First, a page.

Of the many truisms in the game of golf, the fact that Charles Barkley will never be good at this maddening game is chief among them.
Do you remember Hank Hankey’s 2009 attempt to rehabilitate Barkley’s degenerate golf swing?
Anyway, speaking with reporters ahead of the American Century Championship, Barkley described the competition as “the one thing we look forward to every year.” He’s competed (in a sense) in the Lake Tahoe event 22 times previously.
Look, bagging on Barkley for how poor his game isn’t really fair. What does the average golfer shoot? 100? What would that score be in roped-off-with-spectators competition? 220? The shocking thing about Barkley is a) professional athletes are usually respectable golfers and b) that swing.
“That swing” has failed to produce a par in two of the last three American Century Championships.
Sir Charles is remarkably levelheaded about his poor play.
“I get to play with great players and great athletes so that makes it special, and I’ve developed some great relationships, like with Kevin Nealon,” Barkley said. “I don’t really have any goals, man. I’d love to be better, but if I get out there and smoke a couple cigars, I’m good. . . .It’s not like it’s the worst thing in the world, sucking at golf.”
But it’s worth remembering that, as much Barkley’s suckage is a given, he wasn’t always been so bad. In the early years of the tournament, he carded scores in the 80s. Even in in 2003, he broke 100.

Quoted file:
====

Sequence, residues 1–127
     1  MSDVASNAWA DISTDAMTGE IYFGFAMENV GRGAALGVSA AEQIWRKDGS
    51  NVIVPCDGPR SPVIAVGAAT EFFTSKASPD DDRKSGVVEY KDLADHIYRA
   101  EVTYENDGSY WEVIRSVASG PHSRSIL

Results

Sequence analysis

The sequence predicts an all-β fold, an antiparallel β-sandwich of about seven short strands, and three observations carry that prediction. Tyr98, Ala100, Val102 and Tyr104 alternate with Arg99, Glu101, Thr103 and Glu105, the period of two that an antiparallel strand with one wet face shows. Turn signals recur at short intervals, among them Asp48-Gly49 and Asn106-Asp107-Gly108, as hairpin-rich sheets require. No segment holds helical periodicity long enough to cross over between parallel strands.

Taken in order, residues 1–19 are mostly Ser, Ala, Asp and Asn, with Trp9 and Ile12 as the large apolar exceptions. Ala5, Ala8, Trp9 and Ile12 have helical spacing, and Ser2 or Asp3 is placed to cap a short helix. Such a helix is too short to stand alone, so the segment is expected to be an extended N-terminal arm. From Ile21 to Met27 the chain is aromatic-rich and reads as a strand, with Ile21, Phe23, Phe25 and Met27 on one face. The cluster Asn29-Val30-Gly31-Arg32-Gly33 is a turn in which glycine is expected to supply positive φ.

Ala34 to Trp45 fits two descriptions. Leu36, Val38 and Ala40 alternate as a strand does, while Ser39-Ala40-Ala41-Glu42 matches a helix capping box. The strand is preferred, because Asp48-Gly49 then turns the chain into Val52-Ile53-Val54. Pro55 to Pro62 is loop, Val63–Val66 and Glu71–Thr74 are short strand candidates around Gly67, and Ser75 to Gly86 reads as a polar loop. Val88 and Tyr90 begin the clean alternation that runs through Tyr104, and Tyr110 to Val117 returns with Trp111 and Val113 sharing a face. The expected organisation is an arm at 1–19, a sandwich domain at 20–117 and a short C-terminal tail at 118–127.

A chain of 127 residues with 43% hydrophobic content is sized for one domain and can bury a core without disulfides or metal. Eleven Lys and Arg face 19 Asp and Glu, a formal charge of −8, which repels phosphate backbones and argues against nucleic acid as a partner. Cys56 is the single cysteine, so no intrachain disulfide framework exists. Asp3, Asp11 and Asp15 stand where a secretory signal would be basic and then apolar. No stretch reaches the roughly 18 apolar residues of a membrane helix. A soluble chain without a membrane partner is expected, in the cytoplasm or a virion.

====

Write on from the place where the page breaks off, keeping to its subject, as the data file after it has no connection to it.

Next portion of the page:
Barkley told reporters about the genesis of his embarrassing scores.
“Everybody knows I suck at golf now because I’ve got this nervous twitch,” Barkley said. “I ain’t always been a bum on the golf course. I’m a bum now, but I used to break 80 all the time. I started taking all these lessons from all these people and these wires crossed in my brain. I just can’t get out of my own way.”
In other words, paralysis by analysis, trying to consciously control elements of the swing, all that stuff coaches warn against. He’s still trying to improve, saying he’s “got more [golf swing] contraptions at my house than any person in the history of civilization.”
Sounds like a candidate for Natural Golf, Balance Point, or some similar school of golf instruction that tries to limit the interference of the conscious mind.
While Barkley’s plight may be amusing, it’s not an uncommon one. Amateurs, trying to get better, start overthinking every element of their swings and try to adhere to a dozen swing thoughts at much. The result: A semi-coordinated spasm. You know, like Charles Barkley’s golf swing. And if you want to laugh at it, fine, but the Barkley Problem is an issue for ever-increasingly technical golf instructors: How to deal with a student whose swing has become anything but a free-flowing motion.